[INTERVIEW] ‘TURNING RED’ Destigmatizes Female Puberty With Wit & Wisdom


Courtney Howard // Film Critic

TURNING RED marks a turning point for Disney-Pixar. The hilarious and heartfelt animated feature centered on a 13-year-old girl (voiced by Rosalie Chiang), who unwittingly gets caught in the tumultuous throes of puberty and turns into a giant red panda when she’s stressed, explores the growing pains of girlhood through a compassionate, empathetic lens. And while it’s a hyper-realized allegory the filmmakers create, their protagonist’s intense situational circumstance is a very real biological change at least half of our world’s population goes through.

Director-co-writer Domee Shi, along with co-writer Julia Cho and producer Lindsey Collins, set out to make a film that takes the stigma out of female puberty, providing a witty, wild and wonderful portrayal women, young and old, can see their struggle reflected. At the film’s recent virtual global press conference, Shi defiantly posits,

“Why was it ever not normal?”

Collins converses,

“But it’s just not shown… ever!”

Shi continues,

“When we came up with it, it didn’t feel like a big deal. It was funny, and it felt real.”

Cho adds,

“It feels very timely, ‘cause I think we are living in this cultural shift where it has gone from being something to be embarrassed and ashamed of, to being really embraced.  I mean, there are graphic novels now that are all about it. And my daughter is reading books. It just feels like this whole new generation, for them it just is normal. To write a film that reflects that is… I love it.”

Collins suspects that the willingness to normalize female puberty might be courtesy of a generational shift in thinking.

“As we all can sit in attest, the conversation or lack of conversation we all had with our parents, as we were going through it, was pretty minimal. And now, as parents talking to this next generation who’s going through it, because of that, we’re trying to be much more intentional, much more kind of open about it. I love that this movie, basically in a funny and charming way, lets people laugh about it. Normalize it, and have you cringe in a way that collectively we’re all like, ‘Oh, my god, yes, I remember that.’”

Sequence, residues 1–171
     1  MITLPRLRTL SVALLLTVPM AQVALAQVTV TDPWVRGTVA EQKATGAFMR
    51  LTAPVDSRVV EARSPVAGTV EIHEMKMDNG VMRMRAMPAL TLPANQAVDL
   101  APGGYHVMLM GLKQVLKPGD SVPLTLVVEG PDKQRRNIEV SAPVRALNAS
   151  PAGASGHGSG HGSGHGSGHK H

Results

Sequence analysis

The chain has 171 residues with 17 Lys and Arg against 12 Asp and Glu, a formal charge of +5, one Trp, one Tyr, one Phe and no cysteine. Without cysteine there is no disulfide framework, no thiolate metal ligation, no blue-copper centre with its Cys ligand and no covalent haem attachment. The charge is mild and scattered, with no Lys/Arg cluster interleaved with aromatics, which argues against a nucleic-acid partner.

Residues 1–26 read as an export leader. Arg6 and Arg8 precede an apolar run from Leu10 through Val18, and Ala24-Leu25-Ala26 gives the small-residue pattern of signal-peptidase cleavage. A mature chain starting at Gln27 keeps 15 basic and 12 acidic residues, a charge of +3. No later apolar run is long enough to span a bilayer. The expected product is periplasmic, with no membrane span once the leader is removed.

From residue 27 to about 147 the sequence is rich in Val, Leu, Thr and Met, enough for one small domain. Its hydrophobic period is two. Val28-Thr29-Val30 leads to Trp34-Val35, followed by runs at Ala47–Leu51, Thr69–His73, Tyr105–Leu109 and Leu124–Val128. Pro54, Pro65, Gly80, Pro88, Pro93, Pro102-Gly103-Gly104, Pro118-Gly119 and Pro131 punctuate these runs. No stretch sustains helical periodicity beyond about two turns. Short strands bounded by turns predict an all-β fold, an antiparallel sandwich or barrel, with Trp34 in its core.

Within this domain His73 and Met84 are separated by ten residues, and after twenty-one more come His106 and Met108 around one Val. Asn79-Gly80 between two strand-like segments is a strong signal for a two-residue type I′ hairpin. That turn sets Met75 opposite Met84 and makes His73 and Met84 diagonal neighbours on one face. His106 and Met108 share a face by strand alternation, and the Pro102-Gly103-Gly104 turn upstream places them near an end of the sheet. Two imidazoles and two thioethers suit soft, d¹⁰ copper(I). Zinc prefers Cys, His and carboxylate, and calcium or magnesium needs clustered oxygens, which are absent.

In some kind of fortunate stroke of synergy, she adds many of the moms on the crew have had first-hand experience with their own daughters’ dealings.

“It was helpful to us having made this movie to actually go and be like, ‘All right, I’m gonna go talk about this differently.’ Or ‘I’m gonna normalize it somehow.’ I think it is, actually, really important.”

Since it can be a scary time for many young women, TURNING RED will undoubtedly provide comfort. Shi says,

“I hope so. To make it for the 13-year-old me, who was like, ‘What is happening to me?  No one’s telling me anything.’ I think that’s so cool that it can do that, but also make you laugh as well.”

Collins agrees.

“One of the worst things about going through some of this is how alone it makes you feel. It feels so foreign, so sudden, and so personal, and a little out of control. You feel like you don’t quite understand your own behavior. You’re supposed to be the expert on yourself, and it feels very weird and you feel off kilter. Hopefully this movie will kind of dispel that. It’s part of you becoming an adult. All of these weird feelings is actually good. It’s a huge evolutionary growth moment in your life, and it’s really okay.  Um, so yeah, I think it’s-I think it’s so important. And hopefully, they look to it for comfort.”

TURNING RED is streaming exclusively on Disney+ starting today.

About author

Courtney Howard

Courtney Howard is a LAFCA, CCA, OFCS and AWFJ member, as well as a Rotten Tomatometer-approved film critic. Her work has been published on Variety, She Knows and Awards Circuit.